Kris Jenner is quick to point out that you don’t have to be a doctor to successfully manage a mutual fund that invests in the medical industry.
“You don’t need a medical background,” says Jenner, who was trained as a surgeon and since 2000 has managed T. Rowe Price’s Healthcare Technology fund.
But from the looks of it, having an M.D. at the helm of a fund—and another on its analyst team—doesn’t hurt. Health Sciences boasts Lipper’s top scores for total return, consistent return and capital preservation, as well as low expenses.
Year to date, the fund—which invests in companies that research, develop, produce and distribute health-related products—has returned 18.49%, compared with 14.62% for its category, according to Lipper. It has comfortably beaten its category over one, three, five and 10 years.
“I think the fund has been successful because it’s navigated the risks it’s taken really well,” said Christopher Davis, senior fund analyst at Morningstar, Inc.
For both Jenner and G. Mark Bussard, a medical device analyst for Health Sciences, the fund’s high marks sum up successful second careers.
Jenner holds an M.D. from the Johns Hopkins University, School of Medicine, and he completed two years of a general surgery residency at the Johns Hopkins Hospital. In a sign of his earlier interest in investing, he has also managed a small hedge fund.
Bussard, meanwhile, earned his medical degree at the University of Virginia, where he was also a resident in general surgery. Prior to joining T. Rowe, Mark co-founded an early stage biotechnology firm that ultimately failed.
Both men found their way to T. Rowe after realizing that their dream career did not satisfy them.
“I was one of those people who was pre-med from age six,” said Bussard with a laugh. “I always thought I wanted to be a doctor, and I got there 20 years after making the decision, without really reevaluating it.”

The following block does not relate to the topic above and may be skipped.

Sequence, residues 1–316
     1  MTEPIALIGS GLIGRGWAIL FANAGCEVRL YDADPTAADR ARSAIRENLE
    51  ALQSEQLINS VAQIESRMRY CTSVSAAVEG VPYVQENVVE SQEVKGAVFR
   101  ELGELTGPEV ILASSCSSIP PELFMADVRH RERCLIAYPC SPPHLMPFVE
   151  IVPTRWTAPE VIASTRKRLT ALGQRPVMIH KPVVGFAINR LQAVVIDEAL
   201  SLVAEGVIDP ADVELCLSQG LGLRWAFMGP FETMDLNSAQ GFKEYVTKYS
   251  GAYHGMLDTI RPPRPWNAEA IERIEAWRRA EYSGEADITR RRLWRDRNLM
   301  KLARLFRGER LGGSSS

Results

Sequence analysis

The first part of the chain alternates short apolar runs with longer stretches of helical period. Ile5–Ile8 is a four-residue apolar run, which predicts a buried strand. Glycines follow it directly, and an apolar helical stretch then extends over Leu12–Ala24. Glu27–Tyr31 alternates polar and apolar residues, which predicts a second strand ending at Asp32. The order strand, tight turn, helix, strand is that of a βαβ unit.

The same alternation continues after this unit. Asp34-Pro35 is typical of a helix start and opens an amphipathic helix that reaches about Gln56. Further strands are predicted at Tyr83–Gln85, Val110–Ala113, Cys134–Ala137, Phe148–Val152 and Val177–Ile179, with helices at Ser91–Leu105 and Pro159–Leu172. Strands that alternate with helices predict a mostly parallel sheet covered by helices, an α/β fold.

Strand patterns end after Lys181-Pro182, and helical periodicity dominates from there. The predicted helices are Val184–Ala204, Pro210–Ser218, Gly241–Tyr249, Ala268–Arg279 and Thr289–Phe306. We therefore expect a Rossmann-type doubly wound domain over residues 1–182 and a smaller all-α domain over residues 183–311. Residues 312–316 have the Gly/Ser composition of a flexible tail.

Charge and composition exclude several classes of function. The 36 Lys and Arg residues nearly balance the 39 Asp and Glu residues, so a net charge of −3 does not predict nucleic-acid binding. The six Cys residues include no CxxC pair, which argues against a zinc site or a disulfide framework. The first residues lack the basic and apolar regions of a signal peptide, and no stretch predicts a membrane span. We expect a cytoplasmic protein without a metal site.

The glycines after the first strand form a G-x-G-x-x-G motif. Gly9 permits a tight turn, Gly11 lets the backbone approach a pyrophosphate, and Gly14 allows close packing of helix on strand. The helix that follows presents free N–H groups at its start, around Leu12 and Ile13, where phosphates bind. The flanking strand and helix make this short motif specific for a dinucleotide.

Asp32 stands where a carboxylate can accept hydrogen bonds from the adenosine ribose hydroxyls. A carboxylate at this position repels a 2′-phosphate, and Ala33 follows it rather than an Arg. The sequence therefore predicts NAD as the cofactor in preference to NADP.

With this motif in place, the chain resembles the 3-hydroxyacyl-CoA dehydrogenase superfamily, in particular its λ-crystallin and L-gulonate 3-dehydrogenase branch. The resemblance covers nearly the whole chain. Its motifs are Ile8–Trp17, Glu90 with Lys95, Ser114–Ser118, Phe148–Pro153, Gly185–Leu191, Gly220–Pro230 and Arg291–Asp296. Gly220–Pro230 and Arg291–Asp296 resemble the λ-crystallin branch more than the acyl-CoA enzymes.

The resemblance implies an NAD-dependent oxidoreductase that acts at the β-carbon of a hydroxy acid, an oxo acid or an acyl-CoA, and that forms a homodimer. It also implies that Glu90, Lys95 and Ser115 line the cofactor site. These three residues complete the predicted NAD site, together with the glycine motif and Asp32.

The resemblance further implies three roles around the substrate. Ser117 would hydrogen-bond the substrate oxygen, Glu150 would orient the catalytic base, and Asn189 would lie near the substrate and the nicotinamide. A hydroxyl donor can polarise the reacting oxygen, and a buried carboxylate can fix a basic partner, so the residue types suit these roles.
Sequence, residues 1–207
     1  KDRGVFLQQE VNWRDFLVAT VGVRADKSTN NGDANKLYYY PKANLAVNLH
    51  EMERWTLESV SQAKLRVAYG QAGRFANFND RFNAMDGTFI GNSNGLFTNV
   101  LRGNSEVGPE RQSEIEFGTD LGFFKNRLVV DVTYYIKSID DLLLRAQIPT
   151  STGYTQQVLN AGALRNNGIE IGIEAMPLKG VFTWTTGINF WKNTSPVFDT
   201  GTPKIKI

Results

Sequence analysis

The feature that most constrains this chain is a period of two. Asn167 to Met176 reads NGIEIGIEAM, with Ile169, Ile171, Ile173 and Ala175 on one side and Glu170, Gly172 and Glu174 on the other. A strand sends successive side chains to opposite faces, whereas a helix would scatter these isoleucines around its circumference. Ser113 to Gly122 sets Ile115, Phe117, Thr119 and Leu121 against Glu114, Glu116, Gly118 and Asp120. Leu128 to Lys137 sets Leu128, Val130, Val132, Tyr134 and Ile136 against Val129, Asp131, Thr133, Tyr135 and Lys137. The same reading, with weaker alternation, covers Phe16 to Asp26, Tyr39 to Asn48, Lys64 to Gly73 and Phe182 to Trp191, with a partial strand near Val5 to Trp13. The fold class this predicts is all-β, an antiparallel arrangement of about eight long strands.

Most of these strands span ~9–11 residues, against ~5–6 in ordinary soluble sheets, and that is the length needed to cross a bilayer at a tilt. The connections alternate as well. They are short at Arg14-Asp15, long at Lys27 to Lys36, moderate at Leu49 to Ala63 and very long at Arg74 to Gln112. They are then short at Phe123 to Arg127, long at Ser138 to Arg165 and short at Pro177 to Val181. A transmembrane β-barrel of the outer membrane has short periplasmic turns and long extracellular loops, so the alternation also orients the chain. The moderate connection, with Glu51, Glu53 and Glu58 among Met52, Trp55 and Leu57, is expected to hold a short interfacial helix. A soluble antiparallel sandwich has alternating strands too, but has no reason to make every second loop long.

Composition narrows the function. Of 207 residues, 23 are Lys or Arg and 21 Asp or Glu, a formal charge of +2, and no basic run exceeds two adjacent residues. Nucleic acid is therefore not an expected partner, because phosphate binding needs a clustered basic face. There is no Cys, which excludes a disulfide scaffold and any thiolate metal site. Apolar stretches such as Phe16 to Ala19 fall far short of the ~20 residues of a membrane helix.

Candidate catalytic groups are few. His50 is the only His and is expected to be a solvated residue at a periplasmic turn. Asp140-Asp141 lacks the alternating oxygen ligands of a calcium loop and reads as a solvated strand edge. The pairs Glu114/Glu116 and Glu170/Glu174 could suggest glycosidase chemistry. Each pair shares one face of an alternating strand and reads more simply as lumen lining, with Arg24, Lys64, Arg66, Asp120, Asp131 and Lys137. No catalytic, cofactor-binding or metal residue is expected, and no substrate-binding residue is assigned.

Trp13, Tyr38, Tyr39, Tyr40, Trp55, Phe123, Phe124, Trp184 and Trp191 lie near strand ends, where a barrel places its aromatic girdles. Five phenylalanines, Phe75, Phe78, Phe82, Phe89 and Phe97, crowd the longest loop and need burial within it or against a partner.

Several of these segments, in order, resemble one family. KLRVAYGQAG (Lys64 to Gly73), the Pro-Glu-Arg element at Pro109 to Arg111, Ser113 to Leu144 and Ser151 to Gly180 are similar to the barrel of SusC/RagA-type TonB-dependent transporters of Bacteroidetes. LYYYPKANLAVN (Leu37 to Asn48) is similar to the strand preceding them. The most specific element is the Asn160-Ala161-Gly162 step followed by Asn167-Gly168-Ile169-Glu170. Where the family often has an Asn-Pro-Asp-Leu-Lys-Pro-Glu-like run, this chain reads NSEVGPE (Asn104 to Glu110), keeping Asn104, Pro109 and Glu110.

As for Jenner, he says the investment world suits his competitive personality. “For whatever reason, when I went to the hospital in morning I did not believe I could be the greatest surgeon or doctor,” he said. “There was something missing; I just wasn’t excited.”
In his current job, trying to beat his peers—with performance numbers clearly showing the results—provides part of Jenner’s inspiration.
“I don’t think we’re the best in the world—yet,” he says. “But I have no specific reason as to why we can’t be.”
Clearly measurable outcomes also appeal to Bussard, who joined the fund in 2004. “In medicine, success can be really, really variable,” he explained. “It’s not clear what makes a good doctor—is he an expert in a certain technology? Does he have better outcomes? A nicer personality?”
In the mutual fund world, a fund’s team knows that outcomes and successes can be measured in absolute terms, he said.
In many ways, the men say, their medical backgrounds have translated smoothly to the business of investing. One advantage is a thorough understanding of the subject matter in which medical technology firms deal.
“If you’ve kind grown up in that (medical) environment, you more or less know that these people may sound incredibly sophisticated and knowledgeable,” said Jenner. “But you do know the limits of their knowledge.”
Morningstar’s Davis, however, argues that the healer aspect of a doctor’s personality might cloud his or her thinking as an investor.
“You could be really impressed by the gee-whiz technology and not necessarily think, ‘Is this company a good investment?’” he said.
Another advantage of having a medical background, said Jenner, is the ability to act without hesitation.
When he and Bussard were training as surgeons, they often had to intervene surgically—in life-or-death situations—without having all the information they’d like to.
In medicine, acting quickly can save lives, while in investing, it can mean better returns, explained Jenner. Both settings call for making decisions based on probable outcomes, not complete information.
“If we had perfect information, then the return potential would be diminished,” he said. “Everyone would know all the facts, not just us.”